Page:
Origins and Spiel de Jahres

Well Origins was last weekend so it’s time to find out the winners and the losers.

Ogre Cave has the full list, some highlights: Dresden takes out best RPG, over and above the popular (DC Adventures) and the truly interesting (Fiasco, Dragon Age) and also picks up best supplement for its GM book. Clearly, I have misunderestimated this Dresden Files rpg.  Castle Ravenloft got best board game so clearly the rpg-board game hybrid is getting a lot of attention these days. Best card game goes to the rebranding of Chrononauts, because Looney Labs always sells well!

I was on the jury determining the short list for Best Family or Party Game and I’m disappointed that Zombie Dice won. I guess its because Origins is more for non-families, and also, gamers will vote for anything with zombies in it. Hamlet’s Hit Points – also dissed. Origins, you are a crazy mixed-up bitch.

Meanwhile, the Germermans know games and the Spiel de Jahres (game of the year) is always worth sitting up and staring at with gibbering intensity. This year it went to the family-friendly and brightly coloured Qwirkle – you have my attention, pretty coloured shapes! They also finally added a Best Game For Gamer Nerds category – the Kennerspiel de Jahres, or Connoisseurs’ Game of the Year, which went to 7 Wonders.  Wonders has been on my “must save up and buy” list all year, this tips it over the line.

Interestingly though, while Qwirkle looks all family friendly and you might suspect is of more general appeal, it’s actually a strategy game, whereas most of the BoardGameGeek crowd have dismissed 7 Wonders as being mostly about luck. One wonders if the Kennerspiel is not so much for connoisseurs, but for Eurogeeks who would be outraged that the American-made non-historical Qwirkle won the day?

Not to be bitchy, but surely the game of the year is going to be a game for connoisseurs already? Or are we still dividing the world into Regular People and Gamers? Wasn’t the whole point of Settlers of Catan and Ticket to Ride to get rid of that divide?

Food for thought. Or possibly games for thought.

Advertisements

Games for educating

 

I’ve said it before and I’ll say it again: games – especially games where you adopt some kind of role, whether you do that on a computer, or around a table, with or without dice – are the best way to experience another point of view. Which makes them fantastic for educating people about issues. Here’s another fantastic example – a computer simulation about what it’s like to be a refugee.

2011 Diana Jones Nominees

It’s not up on the DJ website yet but the nominees are:

* Catacombs, a board-game by Ryan Amos, Marc Kelsey and Aron West, published by Sands of Time Games
* The Dresden Files RPG by the Dresden Files RPG Team, published by Evil Hat Productions
* Escape from the Aliens in Outer Space, a board-game by Mario Porpora, Pietro Righi Riva, Luca Francesco Rossi and Nicolò Tedeschi, published by Cranio Creations
* Fiasco, an RPG by Jason Morningstar, published by Bully Pulpit Games
* Freemarket, an RPG by Luke Crane and Jared A. Sorensen, published by Sorencrane MRCZ

 

Freemarket is no surprise; it’s not just a clever marrying of roleplaying principles and post-scarcity principles (since the two overlap) but it sells as a box full of wacky cards and chips, trying to smash apart what people think of as RPGs, and without drowning in thousands of bits like other games.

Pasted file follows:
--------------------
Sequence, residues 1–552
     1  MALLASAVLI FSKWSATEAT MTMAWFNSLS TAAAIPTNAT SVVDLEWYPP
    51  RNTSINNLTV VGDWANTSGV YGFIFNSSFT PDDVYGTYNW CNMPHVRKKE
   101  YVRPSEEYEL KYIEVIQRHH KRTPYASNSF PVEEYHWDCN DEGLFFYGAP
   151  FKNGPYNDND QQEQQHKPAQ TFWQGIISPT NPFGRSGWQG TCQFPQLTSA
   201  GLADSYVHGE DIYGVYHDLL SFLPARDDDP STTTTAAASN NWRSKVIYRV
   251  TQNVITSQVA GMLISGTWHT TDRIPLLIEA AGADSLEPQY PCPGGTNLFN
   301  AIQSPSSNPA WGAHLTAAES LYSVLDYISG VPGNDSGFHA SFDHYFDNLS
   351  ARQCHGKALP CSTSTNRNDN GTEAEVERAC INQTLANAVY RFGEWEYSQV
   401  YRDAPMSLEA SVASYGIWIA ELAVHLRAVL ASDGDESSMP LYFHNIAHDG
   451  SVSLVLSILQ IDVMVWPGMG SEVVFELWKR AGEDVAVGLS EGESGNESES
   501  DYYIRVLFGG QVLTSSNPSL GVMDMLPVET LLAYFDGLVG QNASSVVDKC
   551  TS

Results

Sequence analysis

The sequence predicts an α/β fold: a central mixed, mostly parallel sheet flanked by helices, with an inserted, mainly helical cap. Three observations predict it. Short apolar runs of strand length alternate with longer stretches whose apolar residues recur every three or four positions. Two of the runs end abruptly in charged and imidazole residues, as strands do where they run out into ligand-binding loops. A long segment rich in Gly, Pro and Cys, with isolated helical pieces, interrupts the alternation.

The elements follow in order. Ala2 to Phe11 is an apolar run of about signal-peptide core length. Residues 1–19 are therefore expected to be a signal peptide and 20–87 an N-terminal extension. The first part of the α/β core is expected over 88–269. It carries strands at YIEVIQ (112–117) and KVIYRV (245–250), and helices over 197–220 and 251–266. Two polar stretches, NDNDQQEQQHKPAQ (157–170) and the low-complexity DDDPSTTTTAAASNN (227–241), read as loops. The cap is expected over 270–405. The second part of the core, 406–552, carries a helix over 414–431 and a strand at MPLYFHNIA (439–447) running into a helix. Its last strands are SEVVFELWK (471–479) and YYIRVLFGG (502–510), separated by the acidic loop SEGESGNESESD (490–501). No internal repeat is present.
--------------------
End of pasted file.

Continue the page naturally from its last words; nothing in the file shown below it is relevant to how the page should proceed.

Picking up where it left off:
Fiasco is also no surprise. It’s a lovely working of the random-plot-generator idea from the 80s (made cool again in games like In A Wicked Age), combined with a theatre-sports like mechanic of offers and acceptances. And by cleverly branding itself as the game of “shit hits the fan” films, it’s carved a totally separate media niche – and so successfully I’ve seen it being advertised in mainstream catalogues. Smallville was the indie game that looked like a regular RPG, but Fiasco is the indie game that looks like a board game.

Dresden Files over Smallville? That one I don’t get. But I’ve never been a fan of FATE, it’s just another generic system with a fun tagging mechanic. And nothing I see in the Dresden RPG makes it feel very noir. Smallville is arguably a show with a much greater and deeper fan base too.

I know nothing of the other two board games. So I’m off to Board Game Geek (winner of last year’s DJ) to find out more.

 

Monster of Toowong Cemetery

I work as a tour guide in a cemetery, a cemetery known for many strange hauntings and as a home to many homeless people. As often happens, tonight we met one such person who was telling us that all our stuff was crap because he’d seen the real things that live in the place (not uncommon, a lot of our stories come from or involve homeless people). He described something new though, to wit:

At least nine foot tall, maybe nine six nine seven….a wing-span of about twelve feet (six foot a side) …all covered in long thick hair, no face or anything, but protruding fangs, curved almost into a circle … its feet are six feet long, as long as a grave, and it stands on grave stones and watches for prey … it needs doorways to enter this world, like tunnels into the ground or cracked grave stones …. it can turn into a crow or a dog or indeed look like any normal human … it eats birds and stray dogs and cats but hungers for human blood … when it takes to flight it tips backwards on those long feet, as if falling, its wings flapping it upwards at the last moment … it will not eat humans who are sick because their blood tastes foul

Our witness has “blood cancer” so has been able to safely watch the beast many a night. A friend of his has video of the beast on his mobile phone but went mad from filming it and is now in a local asylum.

From his lips to your games; I leave it up to you to stat it.